Nicaraguan opposition figure Cristiana Chamorro believed that -- like her mother 31 years ago -- she could unseat President Daniel Ortega, whose administration she calls a "dictatorship."

But six months before the November 2021 election, she was arrested and blocked from running, and on Monday was sentenced to eight years in prison.

Polls showed her to be the favorite to beat Ortega in the presidential election, just as her mother Violeta Barrios de Chamorro had done in 1990.

The memory of this defeat, her brother-in-law Edmundo Jarquin told AFP, is what "makes him (Ortega) persecute her now. It is like a ghost for him."

Chamorro, a 68-year-old journalist not aligned to any party, comes from a politicized family.

Her mother beat Ortega to become the first elected female head of state in the Americas, and her father Pedro, a journalist and fierce opponent of the Anastasio Somoza dictatorship of the 1960s and 70s, was assassinated in a Managua street in 1978.

Chamorro's brother Pedro Joaquin was also sentenced Monday to nine years in the same case.

She bears a striking resemblance to her mother, who guided the country through a period of reconciliation after a convulsive civil war.

Like her mother, she wears almost exclusively white, and cuts an elegant figure.

"Like parent like daughter. That is the first thing that comes to mind for any Nicaraguan because of Cristiana's inheritance of struggle from her parents," said Jarquin, himself a former presidential candidate.

Chamorro borrows the phrase "Nicaragua will again be a Republic" coined by her father.

She has described Ortega's government as "a dictatorship capable of anything."

Last year, prosecutors accused Chamorro of an array of crimes, and asked for her to be barred from standing in the election because she was facing criminal proceedings.

Cristiana Chamorro is the daughter of a former president and a journalist assassinated for his criticism of a dictatorship
Cristiana Chamorro is the daughter of a former president and a journalist assassinated for his criticism of a dictatorship AFP / Inti OCON

A Managua court then ordered her detention on accusations of "abusive management, ideological falsehood" and "the laundering of money, property and assets, to the detriment of the Nicaraguan State and society."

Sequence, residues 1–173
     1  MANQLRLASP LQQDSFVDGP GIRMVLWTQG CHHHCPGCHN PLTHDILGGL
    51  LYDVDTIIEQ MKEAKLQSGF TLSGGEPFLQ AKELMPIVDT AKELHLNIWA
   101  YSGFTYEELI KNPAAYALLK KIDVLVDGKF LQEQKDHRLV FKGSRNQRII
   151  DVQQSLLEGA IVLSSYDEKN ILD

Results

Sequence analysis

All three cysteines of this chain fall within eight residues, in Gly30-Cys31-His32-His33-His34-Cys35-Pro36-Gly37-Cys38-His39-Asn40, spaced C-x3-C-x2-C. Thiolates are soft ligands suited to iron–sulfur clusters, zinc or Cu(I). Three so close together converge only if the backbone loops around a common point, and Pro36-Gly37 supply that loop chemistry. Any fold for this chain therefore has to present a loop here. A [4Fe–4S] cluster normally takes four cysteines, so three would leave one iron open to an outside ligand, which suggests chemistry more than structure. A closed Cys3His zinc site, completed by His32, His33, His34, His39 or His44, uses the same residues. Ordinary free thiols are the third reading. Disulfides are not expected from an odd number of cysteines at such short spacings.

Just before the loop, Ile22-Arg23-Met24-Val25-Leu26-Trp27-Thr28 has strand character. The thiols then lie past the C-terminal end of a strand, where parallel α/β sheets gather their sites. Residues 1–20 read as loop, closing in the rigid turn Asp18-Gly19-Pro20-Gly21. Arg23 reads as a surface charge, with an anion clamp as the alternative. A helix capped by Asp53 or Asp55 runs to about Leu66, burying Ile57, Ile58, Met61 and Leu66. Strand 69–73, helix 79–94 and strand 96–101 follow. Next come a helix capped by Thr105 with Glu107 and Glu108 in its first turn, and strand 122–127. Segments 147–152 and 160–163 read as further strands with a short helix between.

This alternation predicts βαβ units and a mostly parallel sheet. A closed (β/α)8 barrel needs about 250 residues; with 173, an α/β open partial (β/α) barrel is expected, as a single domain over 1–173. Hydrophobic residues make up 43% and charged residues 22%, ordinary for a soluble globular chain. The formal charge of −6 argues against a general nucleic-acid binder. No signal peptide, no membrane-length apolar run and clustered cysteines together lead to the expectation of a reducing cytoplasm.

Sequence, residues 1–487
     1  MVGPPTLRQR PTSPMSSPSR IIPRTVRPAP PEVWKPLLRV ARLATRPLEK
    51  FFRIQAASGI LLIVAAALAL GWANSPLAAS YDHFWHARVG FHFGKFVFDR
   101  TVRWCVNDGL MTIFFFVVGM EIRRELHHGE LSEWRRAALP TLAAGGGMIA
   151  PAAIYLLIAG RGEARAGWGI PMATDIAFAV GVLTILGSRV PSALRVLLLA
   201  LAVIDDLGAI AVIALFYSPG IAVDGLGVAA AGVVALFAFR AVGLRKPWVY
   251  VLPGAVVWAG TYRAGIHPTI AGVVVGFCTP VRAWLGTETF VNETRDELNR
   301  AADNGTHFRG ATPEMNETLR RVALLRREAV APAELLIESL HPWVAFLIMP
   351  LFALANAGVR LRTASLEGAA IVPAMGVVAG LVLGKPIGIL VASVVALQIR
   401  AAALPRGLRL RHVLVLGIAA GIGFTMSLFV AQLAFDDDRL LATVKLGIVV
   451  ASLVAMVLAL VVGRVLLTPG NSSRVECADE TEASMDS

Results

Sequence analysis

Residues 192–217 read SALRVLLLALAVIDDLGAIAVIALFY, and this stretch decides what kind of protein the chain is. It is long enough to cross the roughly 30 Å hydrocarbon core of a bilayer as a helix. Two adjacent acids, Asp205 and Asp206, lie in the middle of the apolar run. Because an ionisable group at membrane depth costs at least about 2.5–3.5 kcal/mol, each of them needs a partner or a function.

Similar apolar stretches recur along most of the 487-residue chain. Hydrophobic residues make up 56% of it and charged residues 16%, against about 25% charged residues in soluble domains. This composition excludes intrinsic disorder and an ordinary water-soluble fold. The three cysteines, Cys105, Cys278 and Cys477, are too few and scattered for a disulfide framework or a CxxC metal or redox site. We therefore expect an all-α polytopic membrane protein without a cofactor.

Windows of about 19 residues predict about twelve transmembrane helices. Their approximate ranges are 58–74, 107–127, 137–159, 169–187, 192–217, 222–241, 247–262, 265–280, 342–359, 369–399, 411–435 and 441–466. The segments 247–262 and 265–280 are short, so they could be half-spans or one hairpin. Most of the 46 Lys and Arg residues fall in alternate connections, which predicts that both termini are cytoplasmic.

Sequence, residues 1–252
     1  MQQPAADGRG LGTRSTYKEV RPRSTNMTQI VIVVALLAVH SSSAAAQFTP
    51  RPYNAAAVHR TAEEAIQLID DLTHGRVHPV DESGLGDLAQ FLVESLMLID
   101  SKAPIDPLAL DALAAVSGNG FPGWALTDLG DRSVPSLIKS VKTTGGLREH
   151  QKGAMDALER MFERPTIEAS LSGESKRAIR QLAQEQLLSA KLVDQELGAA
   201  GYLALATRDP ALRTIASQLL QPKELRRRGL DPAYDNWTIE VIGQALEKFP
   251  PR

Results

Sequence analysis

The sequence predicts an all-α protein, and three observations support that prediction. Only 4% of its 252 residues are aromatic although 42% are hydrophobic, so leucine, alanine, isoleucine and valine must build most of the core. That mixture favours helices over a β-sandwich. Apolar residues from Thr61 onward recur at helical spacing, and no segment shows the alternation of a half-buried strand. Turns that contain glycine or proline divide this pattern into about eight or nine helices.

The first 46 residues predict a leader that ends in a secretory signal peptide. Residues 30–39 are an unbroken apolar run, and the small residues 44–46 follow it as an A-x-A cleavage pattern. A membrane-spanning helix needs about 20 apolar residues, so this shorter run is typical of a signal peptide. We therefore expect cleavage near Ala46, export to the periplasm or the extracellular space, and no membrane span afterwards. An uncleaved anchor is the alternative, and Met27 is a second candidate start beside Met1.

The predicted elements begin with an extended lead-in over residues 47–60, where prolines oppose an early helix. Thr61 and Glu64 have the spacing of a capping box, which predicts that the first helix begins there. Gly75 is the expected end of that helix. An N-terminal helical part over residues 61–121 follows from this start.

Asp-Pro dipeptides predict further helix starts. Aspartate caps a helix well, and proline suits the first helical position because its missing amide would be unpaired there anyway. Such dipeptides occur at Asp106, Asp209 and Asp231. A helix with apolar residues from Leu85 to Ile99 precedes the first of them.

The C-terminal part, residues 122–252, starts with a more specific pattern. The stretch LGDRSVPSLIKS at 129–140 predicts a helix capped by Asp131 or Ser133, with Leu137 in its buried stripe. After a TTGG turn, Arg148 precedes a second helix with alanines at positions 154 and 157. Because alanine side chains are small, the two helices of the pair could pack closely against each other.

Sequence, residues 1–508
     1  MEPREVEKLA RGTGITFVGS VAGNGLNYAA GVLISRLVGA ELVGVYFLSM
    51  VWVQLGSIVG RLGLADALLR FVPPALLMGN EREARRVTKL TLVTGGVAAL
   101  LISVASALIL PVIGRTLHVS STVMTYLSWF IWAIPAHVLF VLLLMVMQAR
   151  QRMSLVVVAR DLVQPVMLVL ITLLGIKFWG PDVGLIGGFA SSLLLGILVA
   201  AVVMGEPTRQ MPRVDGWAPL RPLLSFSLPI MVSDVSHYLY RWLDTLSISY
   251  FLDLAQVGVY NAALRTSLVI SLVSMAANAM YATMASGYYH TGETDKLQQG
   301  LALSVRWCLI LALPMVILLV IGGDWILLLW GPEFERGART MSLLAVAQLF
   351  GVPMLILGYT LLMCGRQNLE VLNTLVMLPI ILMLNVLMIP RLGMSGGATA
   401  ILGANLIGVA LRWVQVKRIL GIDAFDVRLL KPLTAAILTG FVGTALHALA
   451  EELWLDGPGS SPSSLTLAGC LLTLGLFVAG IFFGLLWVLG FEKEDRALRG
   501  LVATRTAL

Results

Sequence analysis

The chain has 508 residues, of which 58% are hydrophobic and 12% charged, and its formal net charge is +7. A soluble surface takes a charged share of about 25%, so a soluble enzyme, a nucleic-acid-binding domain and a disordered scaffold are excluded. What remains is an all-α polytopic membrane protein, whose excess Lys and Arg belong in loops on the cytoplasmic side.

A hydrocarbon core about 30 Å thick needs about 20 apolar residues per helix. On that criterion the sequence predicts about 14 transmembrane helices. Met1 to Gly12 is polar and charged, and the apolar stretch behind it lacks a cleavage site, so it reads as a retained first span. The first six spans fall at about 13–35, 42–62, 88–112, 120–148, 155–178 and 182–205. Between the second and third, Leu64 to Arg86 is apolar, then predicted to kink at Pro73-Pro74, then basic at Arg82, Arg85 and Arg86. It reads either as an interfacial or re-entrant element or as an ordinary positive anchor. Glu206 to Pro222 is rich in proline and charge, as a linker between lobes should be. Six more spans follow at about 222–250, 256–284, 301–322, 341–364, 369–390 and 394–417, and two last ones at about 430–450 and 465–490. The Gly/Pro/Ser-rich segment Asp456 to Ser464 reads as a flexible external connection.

The accusations arose from Chamorro's role as the head of a foundation for press freedom, named for her mother, with prosecutors claiming accounting "inconsistencies."

Chamorro quit the foundation in February last year, refusing to comply with a new law obliging any person receiving money from abroad to declare themselves to the government as a "foreign agent."

The prosecution opened an investigation against her in May 2021 at the request of the government, which views journalists as agitators of protests against 76-year-old Ortega's government.

In an interview with AFP just days before her arrest last June, which sparked international condemnation, Chamorro said Ortega had "set up this whole farce of investigation for money laundering" to prevent her contesting the election.

And the pending judicial process was enough to disqualify her from running under Nicaraguan law.

She was one of seven presidential hopefuls arrested, along with 39 other opponents, for the most part on charges of attacking "national integrity."

The arrests allowed Ortega, a former guerrilla leader who has governed since 2007, to win a fourth consecutive term in November.

Ortega's government accused Chamorro of being an instrument of US "imperialism".

"Ortega and his wife (who is vice president) have become a monstrous family dictatorship," Chamorro told AFP.

"They do not have the right to be candidates because the Constitution allows only one reelection, but Ortega committed electoral fraud and cheating to achieve an absolute majority," she charged.

Ortega, who first governed the country from 1979 to 1990, returned to power in 2007 and has won three successive reelections.

He has since 2018 faced a political crisis triggered by massive protests against his government's policies.